The Large-Spotted Civet - One of India's Rarest Mammals

Large-spotted civetThe large-spotted civet (Viverra megaspila) actually resembles a dog, unlike other civets, which resemble cats with spots and long noses. They are known as one of the rarest animals in the world. The large-spotted civet weighs 18-20 lbs. (8-9 kg) and is 30-33.5 inches (76-85 cms) in length. It has a dull grayish white coat with black spots and vertical stripes. The tail has five white rings, black bands and a black tip.

The large-spotted civet's original habitat was the evergreen rain forests below the Western Ghats and the wooded plains and hill slopes of southwest India, specifically Malabar and Travancore. Many occurrences of large-spotted civets in the past 30 years have been in valleys and cashew plantations. Cashew plantations provide important cover. They are not weeded and are densely populated with grasses and shrubs. It is believed that large-spotted civets are dependent on shallow waters for survival.

Not much is known about the reproduction and behavior of large-spotted civets. Female large-spotted civets average 2-3 babies per litter. They are often found alone, since they are known for being aggressive toward each other. They are nocturnal, hiding in dense cover during the day and foraging for food at night. They have never been seen in trees and seem to forage exclusively on the ground. Their diet consists of small animals, fish, reptiles, eggs and vegetables.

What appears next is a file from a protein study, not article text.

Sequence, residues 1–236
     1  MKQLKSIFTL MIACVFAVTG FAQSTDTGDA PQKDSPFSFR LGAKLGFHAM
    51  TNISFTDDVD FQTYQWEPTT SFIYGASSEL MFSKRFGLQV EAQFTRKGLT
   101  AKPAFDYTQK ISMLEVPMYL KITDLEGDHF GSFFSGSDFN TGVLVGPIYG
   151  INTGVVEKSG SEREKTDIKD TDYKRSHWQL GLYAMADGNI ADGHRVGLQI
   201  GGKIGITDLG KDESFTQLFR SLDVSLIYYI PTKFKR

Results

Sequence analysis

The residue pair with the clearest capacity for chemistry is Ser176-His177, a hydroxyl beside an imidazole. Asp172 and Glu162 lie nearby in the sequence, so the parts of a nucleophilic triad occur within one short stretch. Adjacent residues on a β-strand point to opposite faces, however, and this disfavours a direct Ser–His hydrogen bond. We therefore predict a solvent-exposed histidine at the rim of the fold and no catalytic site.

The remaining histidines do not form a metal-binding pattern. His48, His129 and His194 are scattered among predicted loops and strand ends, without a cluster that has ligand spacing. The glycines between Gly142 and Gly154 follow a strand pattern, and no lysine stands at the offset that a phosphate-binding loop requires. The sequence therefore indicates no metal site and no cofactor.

Their only known predators are humans, who capture large-spotted civets to obtain musk for use in perfumes. They are also occasionally killed by hunting dogs.

Once very common in southwest India, large-spotted civets are now nearing extinction. There is said to be less than 250 large-spotted civets in existence. They have been considered critically endangered since 1979, but very few efforts have been made to preserve them. In a 1990 study involving India residents living near the habitats of the civets, only 10 percent were aware of its existence, with most of those trappers, hunters and civet breeders. Extensive deforestation in favor of planting rubber trees has contributed to the extinction of civets. Plus, they are known for preying on poultry, so many farmers kill them when they come into contact with them.

The Large-spotted civet is listed as Least Concern (LR/lc), lowest risk. Does not qualify for a more at risk category. Widespread and abundant taxa are included in this category, on the IUCN Red List of Threatened Species

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